Author: Witch Fu
The meal was progressing with a slowness that Willow attributed to her anxieties. She, too, was being led entirely uncertain as to the specifics of her requirements. She had been told countless times that contact between herself and the princess was to be extremely limited to necessary formal affairs, and not without first instruction. And yet, she was seated not a dozen chairs from her bride, as though they spent much of their time in each other's presence.
It was becoming increasingly difficult to predict her father's actions, and even his intentions. Would he even go as far as to be with her wife this very night?
A thought struck her with particular interest: There was jealousy and a certain cord of protection in her most recent of thoughts. It was more than obvious to her now that she would trade much to see that her father did not bed the princess. There was, of course, no real alternative as long as the king saw favor in it. And who, in his position, would find the Princess Tara anything other than favorable?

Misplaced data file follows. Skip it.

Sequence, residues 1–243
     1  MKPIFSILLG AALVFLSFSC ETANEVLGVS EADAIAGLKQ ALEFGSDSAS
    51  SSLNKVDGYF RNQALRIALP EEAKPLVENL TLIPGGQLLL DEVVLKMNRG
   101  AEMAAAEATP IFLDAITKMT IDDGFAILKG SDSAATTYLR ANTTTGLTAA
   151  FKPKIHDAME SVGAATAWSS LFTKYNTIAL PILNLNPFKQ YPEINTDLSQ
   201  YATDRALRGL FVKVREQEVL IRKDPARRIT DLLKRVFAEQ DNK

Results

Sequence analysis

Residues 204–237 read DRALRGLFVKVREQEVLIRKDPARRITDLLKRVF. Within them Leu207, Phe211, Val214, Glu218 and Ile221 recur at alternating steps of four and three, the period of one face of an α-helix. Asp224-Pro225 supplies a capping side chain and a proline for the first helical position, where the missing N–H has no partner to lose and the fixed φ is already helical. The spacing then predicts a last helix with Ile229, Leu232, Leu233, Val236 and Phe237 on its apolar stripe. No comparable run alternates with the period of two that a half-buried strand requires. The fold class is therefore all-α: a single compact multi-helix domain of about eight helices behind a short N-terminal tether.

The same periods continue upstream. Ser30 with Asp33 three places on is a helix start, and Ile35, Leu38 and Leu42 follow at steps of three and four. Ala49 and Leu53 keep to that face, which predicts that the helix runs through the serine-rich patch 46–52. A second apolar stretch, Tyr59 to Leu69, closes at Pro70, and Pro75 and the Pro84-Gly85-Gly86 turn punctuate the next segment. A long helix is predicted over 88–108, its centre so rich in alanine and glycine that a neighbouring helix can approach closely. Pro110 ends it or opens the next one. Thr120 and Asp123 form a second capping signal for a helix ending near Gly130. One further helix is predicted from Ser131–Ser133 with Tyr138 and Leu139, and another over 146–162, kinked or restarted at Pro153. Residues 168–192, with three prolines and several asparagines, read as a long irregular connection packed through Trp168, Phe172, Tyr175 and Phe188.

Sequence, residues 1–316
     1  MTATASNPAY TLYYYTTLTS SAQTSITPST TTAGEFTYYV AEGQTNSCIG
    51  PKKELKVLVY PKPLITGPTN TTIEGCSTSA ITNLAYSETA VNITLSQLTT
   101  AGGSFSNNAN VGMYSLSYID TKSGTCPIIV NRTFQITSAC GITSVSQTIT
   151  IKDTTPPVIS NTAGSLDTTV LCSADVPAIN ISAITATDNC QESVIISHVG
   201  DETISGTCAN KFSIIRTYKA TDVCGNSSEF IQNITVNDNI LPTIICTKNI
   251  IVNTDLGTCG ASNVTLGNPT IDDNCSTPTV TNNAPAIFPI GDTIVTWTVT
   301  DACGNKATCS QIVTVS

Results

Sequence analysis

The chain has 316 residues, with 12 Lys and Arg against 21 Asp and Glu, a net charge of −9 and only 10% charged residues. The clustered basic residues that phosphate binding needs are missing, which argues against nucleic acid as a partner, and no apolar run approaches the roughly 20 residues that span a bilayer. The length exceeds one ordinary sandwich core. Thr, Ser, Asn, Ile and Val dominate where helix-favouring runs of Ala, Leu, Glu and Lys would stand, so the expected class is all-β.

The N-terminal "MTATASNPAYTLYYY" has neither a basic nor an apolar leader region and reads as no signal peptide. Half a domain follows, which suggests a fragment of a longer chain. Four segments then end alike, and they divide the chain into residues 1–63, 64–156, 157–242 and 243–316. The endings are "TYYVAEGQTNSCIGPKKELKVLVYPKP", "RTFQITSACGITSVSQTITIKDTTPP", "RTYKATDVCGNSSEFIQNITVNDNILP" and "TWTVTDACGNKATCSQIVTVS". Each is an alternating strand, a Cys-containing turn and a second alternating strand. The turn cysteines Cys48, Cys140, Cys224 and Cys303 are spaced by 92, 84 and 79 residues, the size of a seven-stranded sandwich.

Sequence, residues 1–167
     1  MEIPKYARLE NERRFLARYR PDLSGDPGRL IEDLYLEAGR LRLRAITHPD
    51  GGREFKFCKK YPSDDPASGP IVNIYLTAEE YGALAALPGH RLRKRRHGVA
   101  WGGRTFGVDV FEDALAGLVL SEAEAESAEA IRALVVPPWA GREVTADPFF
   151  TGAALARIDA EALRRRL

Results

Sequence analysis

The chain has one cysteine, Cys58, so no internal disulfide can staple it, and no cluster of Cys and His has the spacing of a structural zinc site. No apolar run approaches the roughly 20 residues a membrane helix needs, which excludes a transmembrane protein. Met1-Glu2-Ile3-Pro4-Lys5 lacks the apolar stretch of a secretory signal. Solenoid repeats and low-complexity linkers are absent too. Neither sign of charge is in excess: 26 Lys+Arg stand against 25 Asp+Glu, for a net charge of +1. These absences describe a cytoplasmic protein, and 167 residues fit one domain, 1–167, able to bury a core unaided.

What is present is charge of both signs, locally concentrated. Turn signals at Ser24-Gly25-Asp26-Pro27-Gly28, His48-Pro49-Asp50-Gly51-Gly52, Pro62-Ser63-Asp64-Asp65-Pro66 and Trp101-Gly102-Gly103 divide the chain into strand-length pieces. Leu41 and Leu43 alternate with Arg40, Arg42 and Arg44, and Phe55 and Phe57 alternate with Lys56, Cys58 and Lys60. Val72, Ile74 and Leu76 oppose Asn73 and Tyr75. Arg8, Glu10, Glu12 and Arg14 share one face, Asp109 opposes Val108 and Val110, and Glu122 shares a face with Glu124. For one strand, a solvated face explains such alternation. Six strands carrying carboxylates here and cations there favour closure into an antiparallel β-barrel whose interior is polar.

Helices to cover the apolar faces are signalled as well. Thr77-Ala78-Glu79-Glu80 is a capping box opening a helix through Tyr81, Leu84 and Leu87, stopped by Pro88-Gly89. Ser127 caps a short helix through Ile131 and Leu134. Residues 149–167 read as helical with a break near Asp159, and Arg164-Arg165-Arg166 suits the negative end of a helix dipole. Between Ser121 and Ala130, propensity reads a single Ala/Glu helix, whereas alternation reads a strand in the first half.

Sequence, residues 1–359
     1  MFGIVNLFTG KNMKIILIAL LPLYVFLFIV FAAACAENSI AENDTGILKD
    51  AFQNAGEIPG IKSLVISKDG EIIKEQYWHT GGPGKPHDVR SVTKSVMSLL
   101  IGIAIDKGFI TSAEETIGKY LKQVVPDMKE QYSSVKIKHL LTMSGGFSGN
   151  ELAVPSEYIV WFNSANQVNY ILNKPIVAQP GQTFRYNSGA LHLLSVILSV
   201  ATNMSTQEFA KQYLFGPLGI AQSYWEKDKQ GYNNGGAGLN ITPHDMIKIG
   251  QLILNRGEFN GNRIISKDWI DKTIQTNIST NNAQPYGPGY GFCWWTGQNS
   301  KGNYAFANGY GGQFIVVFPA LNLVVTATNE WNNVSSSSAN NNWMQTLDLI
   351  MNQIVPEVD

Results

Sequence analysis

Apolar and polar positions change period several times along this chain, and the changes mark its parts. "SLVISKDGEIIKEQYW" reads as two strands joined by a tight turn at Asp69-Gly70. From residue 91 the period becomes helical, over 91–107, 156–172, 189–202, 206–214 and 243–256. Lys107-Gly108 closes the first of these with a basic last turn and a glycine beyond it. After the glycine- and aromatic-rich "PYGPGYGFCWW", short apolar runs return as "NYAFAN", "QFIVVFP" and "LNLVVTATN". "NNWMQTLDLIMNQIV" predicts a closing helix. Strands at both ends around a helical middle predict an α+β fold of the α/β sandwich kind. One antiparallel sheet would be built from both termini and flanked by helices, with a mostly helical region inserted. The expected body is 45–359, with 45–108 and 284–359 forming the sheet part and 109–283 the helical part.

"Beautiful..." Willow muttered without her knowledge.
"I'm sorry, my lord, what was that?" A gentleman near her elbow asked with practiced interest.
Willow started and looked to the man, confused. "Oh, what?" she said flatly.
The man cleared his throat at the opportunity to speak at length. "You, only moments ago, said ‘beautiful' if I'm not mistaken."
Realizing her slip, Willow summed up, "Oh... yes, quite, Sir Hector, the sustenance, if I may be permitted to term it with such lowly verbage, is quite beautiful. Do you not think so?"
Though a bit thrown, Sir Hector accepted the compliment, and turned back to his plate and other interests.
"My food is beautiful?" Willow thought ruefully. "No small wonder the castle is afloat with rumors of my sanity." Sighing, and quite full, Willow lifted her arm slightly in beckon for another goblet of wine. "Who needs their wits about them when all in their company lack them on principal?"